How to Track a Bitcoin’s Journey
Compared to the traditional financial system, cryptocurrency can seem murky. Bitcoin transactions are pseudonymous, which makes them attractive to criminals. When you send money to a Bitcoin address, who exactly are you dealing with? To provide a little more clarity, LongHash has added Bitcoin address search to our homepage, as shown below.
To be clear, we are not revealing the identities of Bitcoin holders. We just hope to offer more peace of mind to investors, regulators and the general public. The mainstream perception that cryptocurrency is associated with crime is not good for the industry as a whole.
First, go to our homepage, LongHash.com. Clicking on the “Address” link enables a search for any Bitcoin address. The following two modes are supported:
“Fuzzy” Search: If you enter the first few characters of an address, then any of the 10,000 richest bitcoin addresses that begin with those characters will pop up automatically in the search suggestions, in descending order of total account balance (i.e., richest accounts first).
Precise Search: You can enter any BTC address in the search box for detailed information about that address, including its balance, the amount of Bitcoin it received and sent, as well as transactions.
Let's take a closer look the results of a precise search.
Address Rate: We rate addresses by analyzing their transactions as well as the addresses that it sends money to and receives money from. If we find, for example, that an address is transacting with another address that is affiliated with crime, the first address will get a lower rating. The higher the address rate, the more trustworthy the address.
Tracking A Bitcoin’s Journey
Say you are receiving Bitcoin from an address, and you want to know more about that address. Where did that address get its money from, for example? In the course of its lifetime, a Bitcoin will likely pass through several different address types, some of which are associated with crime. We classified four main address types. The light blue refers to a mixing service, which purposely disguises the source of a Bitcoin transaction. The darker blue refers to a cryptocurrency exchange. The magenta refers to a mining pool, and the orange refers to a gambling site. The light purple refers to an old address that is no longer in use.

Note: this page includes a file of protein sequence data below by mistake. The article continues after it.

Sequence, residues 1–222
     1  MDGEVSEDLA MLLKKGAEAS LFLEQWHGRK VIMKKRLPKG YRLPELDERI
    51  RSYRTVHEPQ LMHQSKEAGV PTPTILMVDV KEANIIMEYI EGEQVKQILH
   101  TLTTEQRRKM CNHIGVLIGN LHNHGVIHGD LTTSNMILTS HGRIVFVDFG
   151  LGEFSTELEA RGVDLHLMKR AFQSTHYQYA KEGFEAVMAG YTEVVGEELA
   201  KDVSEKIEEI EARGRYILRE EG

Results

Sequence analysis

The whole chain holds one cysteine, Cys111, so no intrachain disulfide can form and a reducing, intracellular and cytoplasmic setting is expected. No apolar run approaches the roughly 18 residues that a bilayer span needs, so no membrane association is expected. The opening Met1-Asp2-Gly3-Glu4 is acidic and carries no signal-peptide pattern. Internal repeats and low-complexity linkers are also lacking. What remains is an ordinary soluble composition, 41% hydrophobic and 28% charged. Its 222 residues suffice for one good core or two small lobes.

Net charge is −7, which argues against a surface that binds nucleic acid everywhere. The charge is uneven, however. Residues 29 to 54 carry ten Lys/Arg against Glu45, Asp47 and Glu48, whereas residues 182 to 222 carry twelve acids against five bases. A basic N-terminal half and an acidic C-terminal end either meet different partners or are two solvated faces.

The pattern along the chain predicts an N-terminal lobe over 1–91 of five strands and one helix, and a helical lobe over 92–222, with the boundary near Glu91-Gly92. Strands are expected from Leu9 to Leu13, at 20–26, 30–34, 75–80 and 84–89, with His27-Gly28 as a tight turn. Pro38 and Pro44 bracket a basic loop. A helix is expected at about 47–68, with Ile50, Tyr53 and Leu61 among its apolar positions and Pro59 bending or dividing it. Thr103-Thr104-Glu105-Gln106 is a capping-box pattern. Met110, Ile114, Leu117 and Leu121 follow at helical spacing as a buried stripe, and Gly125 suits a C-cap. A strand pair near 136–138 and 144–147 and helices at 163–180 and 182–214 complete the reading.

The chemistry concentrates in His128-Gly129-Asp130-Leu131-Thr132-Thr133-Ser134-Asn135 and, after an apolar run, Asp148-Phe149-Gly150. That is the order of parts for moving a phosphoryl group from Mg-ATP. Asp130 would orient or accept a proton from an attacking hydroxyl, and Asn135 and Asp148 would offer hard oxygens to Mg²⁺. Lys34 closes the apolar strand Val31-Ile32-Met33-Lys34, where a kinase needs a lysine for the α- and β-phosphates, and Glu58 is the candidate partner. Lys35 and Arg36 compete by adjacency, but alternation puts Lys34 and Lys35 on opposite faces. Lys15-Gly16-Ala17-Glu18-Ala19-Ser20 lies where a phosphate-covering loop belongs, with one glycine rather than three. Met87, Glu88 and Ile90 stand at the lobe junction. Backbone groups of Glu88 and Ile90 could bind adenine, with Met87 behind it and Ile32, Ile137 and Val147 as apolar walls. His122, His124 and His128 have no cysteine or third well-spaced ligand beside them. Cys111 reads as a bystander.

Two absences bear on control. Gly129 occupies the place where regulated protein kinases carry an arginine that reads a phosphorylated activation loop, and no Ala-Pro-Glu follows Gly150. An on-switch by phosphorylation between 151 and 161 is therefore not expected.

So in the chart below, the most inner ring represents where a Bitcoin address originally received its Bitcoin from. This demo illustrates an address’s early transactions. In the example below, the most inner ring is blue, which means that the address’s first 30 Bitcoin transactions came directly from cryptocurrency exchanges. But where did the cryptocurrency exchange’s Bitcoin come from? The second inner-most ring is purple, with a little orange. This means the majority of transactions came from cryptocurrency exchanges, with a small fraction coming from gambling sites. The outer ring shows that Bitcoins came from a combination of cryptocurrency exchanges, mixing services and mining pools, gambling sites. So by using this chart, you can see if a Bitcoin has any relationship to dirty money.
Address Chart: The chart below is a more detailed version of the circle chart above. It shows information for addresses that have traded with a given address. The first layer is comprised of addresses that have traded with directly this address. Similarly, the second and third layers are addresses that have traded directly with the previous layer. More detailed information such as balance and transaction type are available by clicking on any address in the chart, allowing you to trace the sources and recent transactions of the account you searched.
Blocks and Transactions:
Bitcoin transactions are recorded in blocks. This table shows the block details of each of the address’s transactions, including block height, transaction date and amount, as well as address balance.